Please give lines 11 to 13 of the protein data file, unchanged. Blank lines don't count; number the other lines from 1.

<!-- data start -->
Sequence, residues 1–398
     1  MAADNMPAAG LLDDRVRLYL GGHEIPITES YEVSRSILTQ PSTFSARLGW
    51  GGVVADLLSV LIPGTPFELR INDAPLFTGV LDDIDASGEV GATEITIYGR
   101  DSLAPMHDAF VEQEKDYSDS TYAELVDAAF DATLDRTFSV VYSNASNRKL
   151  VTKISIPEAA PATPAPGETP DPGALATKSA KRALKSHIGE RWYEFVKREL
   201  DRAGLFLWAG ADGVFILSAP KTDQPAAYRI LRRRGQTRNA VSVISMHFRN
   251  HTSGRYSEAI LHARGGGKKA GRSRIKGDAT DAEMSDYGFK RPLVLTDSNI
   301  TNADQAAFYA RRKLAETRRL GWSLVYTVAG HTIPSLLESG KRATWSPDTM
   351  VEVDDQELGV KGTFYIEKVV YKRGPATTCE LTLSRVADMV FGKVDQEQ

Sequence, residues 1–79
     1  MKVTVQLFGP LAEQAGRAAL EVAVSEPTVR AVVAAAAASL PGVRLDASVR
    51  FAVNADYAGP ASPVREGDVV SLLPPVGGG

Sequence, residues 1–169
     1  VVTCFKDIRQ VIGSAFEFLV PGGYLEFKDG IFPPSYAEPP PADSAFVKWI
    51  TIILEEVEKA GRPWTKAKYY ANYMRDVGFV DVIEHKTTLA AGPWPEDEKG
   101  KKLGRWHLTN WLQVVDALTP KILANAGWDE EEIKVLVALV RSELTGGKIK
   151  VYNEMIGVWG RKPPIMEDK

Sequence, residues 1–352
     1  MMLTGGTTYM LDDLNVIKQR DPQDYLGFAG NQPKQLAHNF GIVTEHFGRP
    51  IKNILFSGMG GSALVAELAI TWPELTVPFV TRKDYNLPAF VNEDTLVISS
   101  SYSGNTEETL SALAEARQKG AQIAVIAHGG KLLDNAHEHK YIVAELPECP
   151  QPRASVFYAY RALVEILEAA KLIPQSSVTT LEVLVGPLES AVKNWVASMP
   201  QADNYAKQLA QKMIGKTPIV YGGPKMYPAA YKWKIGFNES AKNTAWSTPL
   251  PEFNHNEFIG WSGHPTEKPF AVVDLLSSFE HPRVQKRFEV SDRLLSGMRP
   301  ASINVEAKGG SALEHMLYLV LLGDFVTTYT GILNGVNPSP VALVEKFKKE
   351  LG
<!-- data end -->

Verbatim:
     1  MKVTVQLFGP LAEQAGRAAL EVAVSEPTVR AVVAAAAASL PGVRLDASVR
    51  FAVNADYAGP ASPVREGDVV SLLPPVGGG

Sequence, residues 1–169